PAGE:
Garden Guilt

MAYBE I READ TOO MANY GARDENING BOOKS, but I find I’m plagued by feelings of doing lots of things “wrong” in my initial efforts to turn my long-neglected, weedy, and lately muddy half-acre into a proper garden.

OK, it’s only been a month. I probably shouldn’t be so hard on myself. All I need do is look back at pictures of my previous gardens upstate and in Brooklyn to know that I will eventually get it together, and that one day people will look at this property with admiration instead of pity.

But right now, lacking any more money to throw at the problem (I’ve just spent some $4G for a major clear-out of wisteria, underbrush, and dead trees), I’m doing what I can, by myself, and feeling totally overwhelmed.

Here are some of the shortcuts and “bad things” I’ve been doing, and not doing, that make me feel oh, so guilty:

  • I haven’t started a compost pile. Why not? I can’t decide where to put it. I don’t want to amass a load of decaying plant material in an inconvenient place. I threw some evergreen trimmings way in the back, at the property line, but that is a long way to push a wheelbarrow. Also, it’s lovely and unspoiled back there where the deer live, and I don’t want to use it as a garbage dump. The more convenient spot — central, where nothing else is presently planted — is one of my very few sunny areas, and I’ll be damned if I’m going to devote THAT to compost. The other reason is that much of what I’ve been pulling and trimming are the roots of invasive wisteria and hottuynia, and I just want them OUT of here. Let the Town of East Hampton deal with them. I’ll set up a composting system eventually, but each time I throw away broken fern fronds or coffee grounds, my Jewish guilt rears up.
  • I haven’t tested the soil pH, even though I have a kit. It’s not a priority, though perhaps it should be. It’s probably acid, since rhodies seem to like it. I don’t know much about soil, but this dirt is sandy, light brown in many spots, not black and rich and loamy, which brings me to my next point of guilt:
  • In my haste to get things into the ground (container plants I overzealously bought a month ago or that were given to me as gifts and that have been sitting in their pots too long), I haven’t improved this crummy-looking soil. In my defense, today, at Lowe’s, I bought two 40-lb. bags of ‘well-rotted horse manure,’ but I don’t imagine that will go far.
  • I never ‘double-dig.’ Too much work. I plant $10 plants in $5 holes all the time.
  • I’m thinking of using wood chips for a temporary path, even though ‘the books,’ as well as readers of this blog, have warned me I’ll be sorry, and I’m sure they’re right. But yesterday I made a pilgrimage to the Montauk dump, where it was toxic waste disposal day, with three bins of boat engine oil, alkyd paints, battery fluids, and God knows what else brought up from the basement. I discovered that the Montauk facility has an enormous pile of wood chips free for the taking. And boy, did I feel smug when I realized I had the necessary giant trash bags right in my car, and work gloves, too. I hauled home four huge bags of chips, and I’m using this free bounty for mulch and possibly paths. Even though I know I’ll regret it later when it all turns to mush and I have to rake it away.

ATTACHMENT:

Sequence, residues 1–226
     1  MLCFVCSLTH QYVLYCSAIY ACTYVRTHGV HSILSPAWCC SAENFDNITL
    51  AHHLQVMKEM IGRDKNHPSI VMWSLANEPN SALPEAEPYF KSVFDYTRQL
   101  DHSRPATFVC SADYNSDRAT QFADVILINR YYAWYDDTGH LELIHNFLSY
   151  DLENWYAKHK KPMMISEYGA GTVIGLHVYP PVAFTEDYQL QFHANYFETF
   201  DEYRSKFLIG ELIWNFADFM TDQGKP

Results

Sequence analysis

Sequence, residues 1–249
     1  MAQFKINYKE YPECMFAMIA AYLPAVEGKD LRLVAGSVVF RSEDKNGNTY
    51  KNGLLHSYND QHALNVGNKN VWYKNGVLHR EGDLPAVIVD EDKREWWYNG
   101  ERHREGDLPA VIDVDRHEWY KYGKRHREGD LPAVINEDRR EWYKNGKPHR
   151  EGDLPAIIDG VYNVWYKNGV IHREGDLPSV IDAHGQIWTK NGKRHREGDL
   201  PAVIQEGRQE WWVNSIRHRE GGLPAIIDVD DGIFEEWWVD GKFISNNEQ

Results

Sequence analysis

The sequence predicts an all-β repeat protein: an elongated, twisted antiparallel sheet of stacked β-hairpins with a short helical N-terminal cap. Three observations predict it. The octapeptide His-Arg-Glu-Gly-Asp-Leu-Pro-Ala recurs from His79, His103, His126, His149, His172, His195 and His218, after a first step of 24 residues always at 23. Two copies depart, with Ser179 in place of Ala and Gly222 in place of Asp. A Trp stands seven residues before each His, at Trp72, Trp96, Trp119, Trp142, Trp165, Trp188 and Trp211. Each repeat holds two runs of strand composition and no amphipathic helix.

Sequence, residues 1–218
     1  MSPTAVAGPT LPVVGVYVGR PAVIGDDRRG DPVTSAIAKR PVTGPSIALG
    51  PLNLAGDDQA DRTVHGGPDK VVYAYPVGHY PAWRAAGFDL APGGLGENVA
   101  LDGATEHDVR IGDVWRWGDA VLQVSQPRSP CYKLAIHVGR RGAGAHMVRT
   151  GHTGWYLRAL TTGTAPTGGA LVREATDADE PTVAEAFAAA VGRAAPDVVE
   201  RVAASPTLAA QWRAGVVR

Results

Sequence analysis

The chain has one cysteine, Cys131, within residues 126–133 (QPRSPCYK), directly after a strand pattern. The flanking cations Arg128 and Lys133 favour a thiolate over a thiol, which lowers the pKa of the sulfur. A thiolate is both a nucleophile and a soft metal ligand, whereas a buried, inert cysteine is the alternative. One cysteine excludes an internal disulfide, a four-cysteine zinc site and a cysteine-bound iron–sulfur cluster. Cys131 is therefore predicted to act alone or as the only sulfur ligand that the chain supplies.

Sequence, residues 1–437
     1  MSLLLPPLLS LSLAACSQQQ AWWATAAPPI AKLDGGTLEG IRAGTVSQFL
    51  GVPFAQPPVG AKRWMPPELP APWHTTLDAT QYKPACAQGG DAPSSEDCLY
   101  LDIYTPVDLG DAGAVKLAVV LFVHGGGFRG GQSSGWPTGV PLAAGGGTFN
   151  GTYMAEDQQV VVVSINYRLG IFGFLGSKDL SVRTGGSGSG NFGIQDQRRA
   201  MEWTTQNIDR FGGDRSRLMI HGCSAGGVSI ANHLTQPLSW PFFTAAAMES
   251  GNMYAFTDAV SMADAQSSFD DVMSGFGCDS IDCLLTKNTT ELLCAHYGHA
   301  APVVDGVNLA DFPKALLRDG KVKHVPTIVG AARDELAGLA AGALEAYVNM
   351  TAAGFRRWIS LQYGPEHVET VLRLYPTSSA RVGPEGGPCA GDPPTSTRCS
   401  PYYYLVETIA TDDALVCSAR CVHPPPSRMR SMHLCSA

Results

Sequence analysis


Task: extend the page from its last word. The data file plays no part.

Enough brow-beating for the moment. I can’t be the only one with bad garden habits. What do you (as a gardener) feel guilty about?

About cara

I blog (for fun) here at casaCARA, and write (for money) about architecture, interiors, gardens and travel for many national magazines and websites.
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4 Responses to Garden Guilt

  1. Terry Kearns says:

    I’m at the stage that neither garden shows nor garden books can make me feel guilty. They are written for the express purpose of making normal folks feel inadequate. Cash and dirty sweaty work conquers all.

  2. BrooklynGreene says:

    Don’t over cultivate…let the leaves pile up in fall, let it go natural…don’t disturb the soil…and if you put down the mulch, don’t rake it way. Just throw more down on top.

    But frankly, if you really feel the soil needs a lot of improving, get some guy with a truck and teenage son to haul in a really big load of mulch. You can even nose around for a stable that might be willing to let you haul away free manure…why not?

    Then, in fall, spread lots of native seeds, plants that need cold stratification in order to germinate. Sit back and enjoy.

    Don’t know yourself silly over not doing lots of hard, back-breaking work…what do you need THAT for? Do the low key style of gardening.

    Oh, an easy compost pile: get someone to drop off (of pick up yourself) bales of straw. Make a pen out of them to one side of the yard and use that for compostables and all the yard refuse. Just make sure there’s a good mix of green vs ‘brown’ matter in it and stir some air into it once in a while.

    Whatever you do, spend as little money as possible! Don’t get any grand schemes in your head.

  3. cara says:

    I’m all for avoiding back-breaking work and money-spending, not to worry! But a certain amount of both is unavoidable;-)

  4. BrooklynGreene says:

    Money, no, but back-breaking, please don’t over do it…yes, you can try to eliminate it a bit. Think less intervention and work more with what nature wants to do on its own. Now that the clearing out has been done professionally, just try to redirect (if necessary) nature’s energy instead of opposing it. That way, you might take the back-breaking out of it…

    Who needs a broken back anyway?!

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